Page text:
Sequential hermaphroditism (called dichogamy in botany) is a type of hermaphroditism that occurs in many fish, gastropods, and plants. Sequential hermaphroditism occurs when the individual changes its sex at some point in its life. In particular, a sequential hermaphrodite produces eggs (female gametes) and sperm (male gametes) at different stages in life. Species that can undergo these changes from one sex to another do so as a normal event within their reproductive cycle that is usually cued by either social structure or the achievement of a certain age or size.
In animals, the different types of change are male to female (protandry or protandrous hermaphroditism), female to male (protogyny or protogynous hermaphroditism), bidirectional (serial or bidirectional hermaphroditism). Both protogynous and protandrous hermaphroditism allow the organism to switch between functional male and functional female. Bidirectional hermaphrodites have the capacity for sex change in either direction between male and female or female and male, potentially repeatedly during their lifetime. These various types of sequential hermaphroditism may indicate that there is no advantage based on the original sex of an individual organism. Those that change gonadal sex can have both female and male germ cells in the gonads or can change from one complete gonadal type to the other during their last life stage.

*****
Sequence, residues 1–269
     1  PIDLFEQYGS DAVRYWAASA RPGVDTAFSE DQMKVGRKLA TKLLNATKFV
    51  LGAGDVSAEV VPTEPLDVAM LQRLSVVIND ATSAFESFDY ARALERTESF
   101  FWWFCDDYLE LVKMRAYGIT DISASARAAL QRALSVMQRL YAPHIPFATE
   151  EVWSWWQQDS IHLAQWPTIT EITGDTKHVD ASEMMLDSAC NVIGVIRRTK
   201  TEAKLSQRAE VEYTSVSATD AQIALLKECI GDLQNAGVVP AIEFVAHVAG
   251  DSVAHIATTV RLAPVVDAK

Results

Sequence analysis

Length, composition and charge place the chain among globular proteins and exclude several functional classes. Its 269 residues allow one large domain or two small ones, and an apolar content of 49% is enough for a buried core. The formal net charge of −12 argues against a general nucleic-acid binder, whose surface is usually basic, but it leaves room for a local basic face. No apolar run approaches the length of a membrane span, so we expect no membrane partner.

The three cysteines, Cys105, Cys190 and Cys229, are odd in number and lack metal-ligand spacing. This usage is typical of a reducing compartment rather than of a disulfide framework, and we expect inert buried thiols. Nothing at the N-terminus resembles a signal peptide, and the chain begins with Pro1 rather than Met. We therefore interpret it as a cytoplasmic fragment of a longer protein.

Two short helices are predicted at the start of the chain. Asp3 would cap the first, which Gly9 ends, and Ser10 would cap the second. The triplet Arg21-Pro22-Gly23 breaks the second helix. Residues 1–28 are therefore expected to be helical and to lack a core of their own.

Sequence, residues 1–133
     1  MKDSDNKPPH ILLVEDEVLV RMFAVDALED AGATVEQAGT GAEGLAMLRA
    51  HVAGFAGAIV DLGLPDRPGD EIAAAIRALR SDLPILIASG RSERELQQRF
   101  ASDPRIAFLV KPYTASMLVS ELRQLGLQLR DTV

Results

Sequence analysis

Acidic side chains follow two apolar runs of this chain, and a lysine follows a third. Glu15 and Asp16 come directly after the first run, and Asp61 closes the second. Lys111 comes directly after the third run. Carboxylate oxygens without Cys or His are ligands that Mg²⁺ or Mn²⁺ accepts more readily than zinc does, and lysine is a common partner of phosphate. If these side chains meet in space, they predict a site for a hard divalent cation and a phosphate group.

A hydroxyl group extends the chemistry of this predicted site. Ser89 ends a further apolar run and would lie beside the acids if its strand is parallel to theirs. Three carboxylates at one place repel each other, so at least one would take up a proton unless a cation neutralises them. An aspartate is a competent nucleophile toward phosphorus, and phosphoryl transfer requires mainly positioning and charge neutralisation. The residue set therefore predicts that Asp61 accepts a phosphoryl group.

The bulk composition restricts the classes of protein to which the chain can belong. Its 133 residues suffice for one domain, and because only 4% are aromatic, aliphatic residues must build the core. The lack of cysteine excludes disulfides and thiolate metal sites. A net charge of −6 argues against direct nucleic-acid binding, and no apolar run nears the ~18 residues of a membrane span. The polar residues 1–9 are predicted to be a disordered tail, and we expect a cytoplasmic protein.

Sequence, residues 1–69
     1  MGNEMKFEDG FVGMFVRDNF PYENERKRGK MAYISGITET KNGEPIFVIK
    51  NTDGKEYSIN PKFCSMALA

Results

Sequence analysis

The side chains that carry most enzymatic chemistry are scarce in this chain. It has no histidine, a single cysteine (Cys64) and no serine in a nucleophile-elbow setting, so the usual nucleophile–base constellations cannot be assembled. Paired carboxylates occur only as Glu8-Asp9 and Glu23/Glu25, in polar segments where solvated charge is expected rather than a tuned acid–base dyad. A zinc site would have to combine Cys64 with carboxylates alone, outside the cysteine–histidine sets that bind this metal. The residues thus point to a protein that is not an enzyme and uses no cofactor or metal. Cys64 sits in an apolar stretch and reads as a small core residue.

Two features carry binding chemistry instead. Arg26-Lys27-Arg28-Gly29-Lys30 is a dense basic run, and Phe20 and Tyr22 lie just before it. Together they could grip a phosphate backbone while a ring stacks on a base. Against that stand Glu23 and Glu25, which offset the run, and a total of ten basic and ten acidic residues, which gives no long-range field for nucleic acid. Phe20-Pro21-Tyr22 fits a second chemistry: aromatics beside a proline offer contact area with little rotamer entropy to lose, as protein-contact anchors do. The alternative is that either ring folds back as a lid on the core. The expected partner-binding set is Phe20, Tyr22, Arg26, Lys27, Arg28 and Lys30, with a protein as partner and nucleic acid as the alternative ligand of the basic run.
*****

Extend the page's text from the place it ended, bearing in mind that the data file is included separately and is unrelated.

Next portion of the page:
In plants, individual flowers are called dichogamous if their function has the two sexes separated in time, although the plant as a whole may have functionally male and functionally female flowers open at any one moment. A flower is protogynous if its function is first female, then male, and protandrous if its function is male then female. It used to be thought that this reduced inbreeding, but it may be a more general mechanism for reducing pollen-pistil interference.